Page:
Interestingly, the radargrams (Figure 6) show that above the part of the solution pipe marked as C (Grid 3), there are continuous reflections interpreted as the dipping of the calcarenite layer. Such an image of the occurrence of reflections above the attenuated signal was recorded for several measurement lines (Y50-Y53) on Grid 3. These radargrams suggest that for these several measurement lines, solution pipe C is narrower at the surface and later it widens. Since no detailed geological research has been conducted, it is difficult to clearly explain it. It is possible that this is the result of a very local change in the properties of the rock.
4.1.2 Magnetic gradiometer
The gradiometer consists of two magnetometers mounted vertically, placed in series, one above the other. The top sensor measures predominantly the Earth’s magnetic field, while the lower sensor is more affected by any localised magnetic anomalies connected with the presence of magnetic minerals. The difference between the sensors will relate to the strength of a magnetic field created by these minerals. The output of the device is the difference in magnetic flux at that point in space. In other words, the result is the difference between what each of the magnetometer measures. The magnetic effect diminishes with the third power of the distance, so positive gradient anomalies appear at the site of the occurrence of magnetic minerals. Magnetometric measurements at the quarry floor showed several positive (up to 10 nT/m) and negative (up to –10 nT/m) vertical gradients of the magnetic field. Positive anomalies should be caused by higher magnetic susceptibility related to a more significant amount of magnetic elements (in particular, iron and/or nickel) in the solution pipe fillings compared to the host rock. Figure 8 shows the result of magnetic gradiometry measurements in the largest studied area (Grid 3).
Additionally, we have compared our results to previous studies  in similar geological settings and found that the lack of a magnetic anomaly is not uncommon in clay-rich sediments. This could be due to a variety of factors, including the absence of magnetic minerals, the presence of non-magnetic clay minerals that mask any magnetic signal, or the effects of burial diagenesis on the magnetic properties of the sediment. The magnetic properties of clay depend on the presence of minerals that contain magnetic elements, such as iron, nickel, and cobalt . The low values of the anomalies of the vertical magnetic gradient in the research area indicate small contents of magnetic minerals in the tested medium.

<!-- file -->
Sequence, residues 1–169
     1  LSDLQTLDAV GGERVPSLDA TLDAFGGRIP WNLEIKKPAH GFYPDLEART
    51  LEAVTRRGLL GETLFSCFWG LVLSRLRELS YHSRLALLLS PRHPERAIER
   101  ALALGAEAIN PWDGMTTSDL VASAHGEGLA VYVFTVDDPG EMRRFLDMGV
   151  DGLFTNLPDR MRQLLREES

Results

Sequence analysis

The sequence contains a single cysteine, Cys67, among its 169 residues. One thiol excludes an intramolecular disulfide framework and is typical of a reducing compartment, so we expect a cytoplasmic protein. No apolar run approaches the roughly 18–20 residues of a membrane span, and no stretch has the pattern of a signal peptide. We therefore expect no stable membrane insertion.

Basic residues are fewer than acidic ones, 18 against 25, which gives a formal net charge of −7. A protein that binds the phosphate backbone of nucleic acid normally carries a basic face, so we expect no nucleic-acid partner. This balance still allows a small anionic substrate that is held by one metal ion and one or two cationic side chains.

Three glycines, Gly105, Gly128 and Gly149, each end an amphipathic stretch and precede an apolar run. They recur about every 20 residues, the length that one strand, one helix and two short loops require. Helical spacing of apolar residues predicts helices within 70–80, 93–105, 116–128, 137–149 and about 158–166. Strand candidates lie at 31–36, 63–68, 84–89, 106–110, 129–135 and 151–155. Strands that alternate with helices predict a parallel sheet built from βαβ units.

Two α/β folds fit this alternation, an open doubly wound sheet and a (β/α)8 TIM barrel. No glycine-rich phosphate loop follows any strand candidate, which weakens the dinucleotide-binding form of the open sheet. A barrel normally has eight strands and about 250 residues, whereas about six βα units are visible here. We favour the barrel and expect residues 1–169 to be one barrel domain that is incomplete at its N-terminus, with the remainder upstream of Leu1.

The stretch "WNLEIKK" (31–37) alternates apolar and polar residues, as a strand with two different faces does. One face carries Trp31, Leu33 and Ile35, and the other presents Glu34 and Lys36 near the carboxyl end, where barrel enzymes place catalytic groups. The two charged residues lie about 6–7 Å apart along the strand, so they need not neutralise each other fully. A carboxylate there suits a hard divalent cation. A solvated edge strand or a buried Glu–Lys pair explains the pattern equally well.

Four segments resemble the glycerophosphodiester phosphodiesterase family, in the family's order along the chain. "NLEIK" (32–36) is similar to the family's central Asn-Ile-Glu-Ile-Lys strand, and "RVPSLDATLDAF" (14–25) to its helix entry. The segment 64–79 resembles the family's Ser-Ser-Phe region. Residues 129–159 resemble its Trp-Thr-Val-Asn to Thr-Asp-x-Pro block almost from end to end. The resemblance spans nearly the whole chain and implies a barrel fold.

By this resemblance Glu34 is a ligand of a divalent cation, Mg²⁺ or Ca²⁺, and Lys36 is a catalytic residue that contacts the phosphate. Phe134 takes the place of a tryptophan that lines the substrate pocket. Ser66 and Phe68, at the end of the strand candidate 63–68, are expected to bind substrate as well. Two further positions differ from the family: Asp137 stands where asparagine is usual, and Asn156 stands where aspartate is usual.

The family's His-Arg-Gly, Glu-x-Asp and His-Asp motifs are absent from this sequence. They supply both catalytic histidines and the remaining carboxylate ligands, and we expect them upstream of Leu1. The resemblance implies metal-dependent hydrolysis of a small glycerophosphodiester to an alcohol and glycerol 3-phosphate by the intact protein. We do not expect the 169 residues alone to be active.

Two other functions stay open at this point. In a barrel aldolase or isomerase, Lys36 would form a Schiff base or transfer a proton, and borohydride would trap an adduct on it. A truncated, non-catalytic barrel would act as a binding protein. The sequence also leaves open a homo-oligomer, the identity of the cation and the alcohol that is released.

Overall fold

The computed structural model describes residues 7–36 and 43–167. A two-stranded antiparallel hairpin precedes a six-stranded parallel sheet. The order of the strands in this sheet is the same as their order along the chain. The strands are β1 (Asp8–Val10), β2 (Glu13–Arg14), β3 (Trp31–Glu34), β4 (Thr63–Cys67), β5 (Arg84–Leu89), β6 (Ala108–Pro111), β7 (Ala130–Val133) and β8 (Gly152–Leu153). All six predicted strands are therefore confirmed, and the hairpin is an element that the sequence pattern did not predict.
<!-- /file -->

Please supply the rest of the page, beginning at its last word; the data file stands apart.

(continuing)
4.2 Results by areas
4.2.1 Grid 1
Grid 1 contains a single solution pipe filled with ferruginous silty loam, which was detected by both geophysical methods. There, the maximum of the positive magnetic anomaly coincides with the location of increased attenuation of the electromagnetic wave visible in the GPR image (Figure 9). This demonstrates that the attenuated reflections of the GPR signal and points with relatively high values of the magnetic gradient are correlated and indicate the presence of a sediment-filled solution pipe in the research area.
4.2.2 Grid 2
Grid 2 demonstrates that not all anomalies identified by GPR measurements as solution pipes are also detected by gradiometric surveying. This grid contains three solution pipes, as presented in Figure 10. The largest one (pipe B) is positioned in the centre of the grid and is filled with a sandy material that we identify as a core according to the classification of Walsh and Morawiecka-Zacharz . This pipe was clearly visible in the GPR image but not in the magnetic data. The second (pipe A), a smaller solution pipe, was located in the northeastern part, at the edge of the grid and is visible both as a GPR anomaly and as a weak negative magnetic gradient anomaly. The filling material of this pipe was of dark colour and very compact. According to Walsh and Morawiecka-Zacharz , it is an example of a reddish-brown clay cortex. Magnetometric measurements may not identify solution pipes with more sandy filling based on macroscopic analysis, which correlates with a lesser amount of clays. There was also the smallest pipe – C, on the northwestern edge of the grid. It was detected only on GPR data, and the magnetic grid did not cover it. It is similar to the giant pipe, also filled with the sandy material.
4.2.3 Grid 3